Alfred Gregory finally presents a folio of his Everest photographs in Alfred Gregory's Everest. Previously he had turned over his negatives to the Himalayan Committee, and it was not until the 1990s that Gregory got to develop his own negatives and present his work on the 1953 initial ascent of Mount Everest. The collection shows the artistic as well as the photojournalistic view of this historic climb. There are many of the famous photographs associated with the climb, such as an exhausted Bourdillon and Evans upon their return from the South Summit, as well as a number of rarely-seen beautiful images, such a photo of ice pinnacles near Base Camp. Of course, there are no summit photographs in this work, but Gregory accompanied Tenzing and Hillary to their summit assault camp, and his work covers all but the final climb of the expedition. There is a foreword to the book by Jan Morris, who discusses the significance of the climb and the roles of the Everest journalists, including Morris, Gregory, and Tom Stobart. Gregory, in his introduction discusses his many trips to the Everest region and how it has changed over the 40 years between the climb and the publication of his folio. He also tells a couple interesting stories about the climb that eluded other chroniclers, such as listening to the FA Cup Final while at Lake Camp or a tale of a collapsing serac in the Khumbu Icefall.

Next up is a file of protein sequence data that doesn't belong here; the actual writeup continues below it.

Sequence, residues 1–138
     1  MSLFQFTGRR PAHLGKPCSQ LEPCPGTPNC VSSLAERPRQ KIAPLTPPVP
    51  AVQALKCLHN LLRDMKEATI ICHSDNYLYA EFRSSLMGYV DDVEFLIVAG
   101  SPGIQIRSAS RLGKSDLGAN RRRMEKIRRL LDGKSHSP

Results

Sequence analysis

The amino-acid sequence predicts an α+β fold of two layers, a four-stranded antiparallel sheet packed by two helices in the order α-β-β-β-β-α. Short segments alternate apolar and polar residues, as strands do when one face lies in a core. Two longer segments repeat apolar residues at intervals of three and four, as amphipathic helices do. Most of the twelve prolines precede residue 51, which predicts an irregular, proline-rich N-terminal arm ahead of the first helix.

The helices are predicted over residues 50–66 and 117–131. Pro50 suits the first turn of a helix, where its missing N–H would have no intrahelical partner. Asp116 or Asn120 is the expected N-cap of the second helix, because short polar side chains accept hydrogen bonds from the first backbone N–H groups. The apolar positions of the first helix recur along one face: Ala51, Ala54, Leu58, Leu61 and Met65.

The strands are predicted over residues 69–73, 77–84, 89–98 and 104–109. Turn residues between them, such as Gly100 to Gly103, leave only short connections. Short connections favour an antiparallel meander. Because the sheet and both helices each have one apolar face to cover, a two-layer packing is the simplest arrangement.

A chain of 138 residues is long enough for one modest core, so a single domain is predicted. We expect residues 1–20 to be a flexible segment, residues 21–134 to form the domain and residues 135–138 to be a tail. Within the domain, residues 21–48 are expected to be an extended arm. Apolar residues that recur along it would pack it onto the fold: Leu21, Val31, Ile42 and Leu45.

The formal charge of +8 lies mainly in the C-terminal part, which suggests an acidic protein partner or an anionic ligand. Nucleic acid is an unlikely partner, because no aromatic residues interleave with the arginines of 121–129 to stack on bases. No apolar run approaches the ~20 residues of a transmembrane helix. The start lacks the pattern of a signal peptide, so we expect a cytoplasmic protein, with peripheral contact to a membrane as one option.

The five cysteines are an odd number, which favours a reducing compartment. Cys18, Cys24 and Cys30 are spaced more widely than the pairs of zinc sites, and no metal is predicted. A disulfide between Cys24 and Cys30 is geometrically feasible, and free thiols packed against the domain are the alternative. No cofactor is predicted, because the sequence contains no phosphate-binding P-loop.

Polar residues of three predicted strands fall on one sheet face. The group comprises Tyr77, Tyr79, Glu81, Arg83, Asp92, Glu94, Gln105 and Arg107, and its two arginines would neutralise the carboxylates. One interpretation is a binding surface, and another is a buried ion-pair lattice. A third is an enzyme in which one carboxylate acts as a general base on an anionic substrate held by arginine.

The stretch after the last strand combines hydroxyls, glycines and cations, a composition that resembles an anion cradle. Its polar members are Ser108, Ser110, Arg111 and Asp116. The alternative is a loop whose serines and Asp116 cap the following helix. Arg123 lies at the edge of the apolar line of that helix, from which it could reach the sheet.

The book is a a huge improvement over The Picture of Everest, the photo book released soon after the climb. The original was quite grainy, though there was some color printing. (Alfred Gregory's Everest is all black and white.) I can understand why Gregory would consider the current volume the first exposition of "his" work. He states in this book that the Times was primarily responsible for the early development of the photo negatives and that it was the first time they had worked in the 35 mm format. In addition to these two, Gregory's family released a posthumous full-color Alfred Gregory: Photographs from Everest to Africa in 2008. You can also read more about the joys of camera work on the 1953 ascent in Tom Stobart's autobiography, Adventurer's Eye, or more about the joys of journalism during the climb in Jan (James) Morris' Coronation Everest.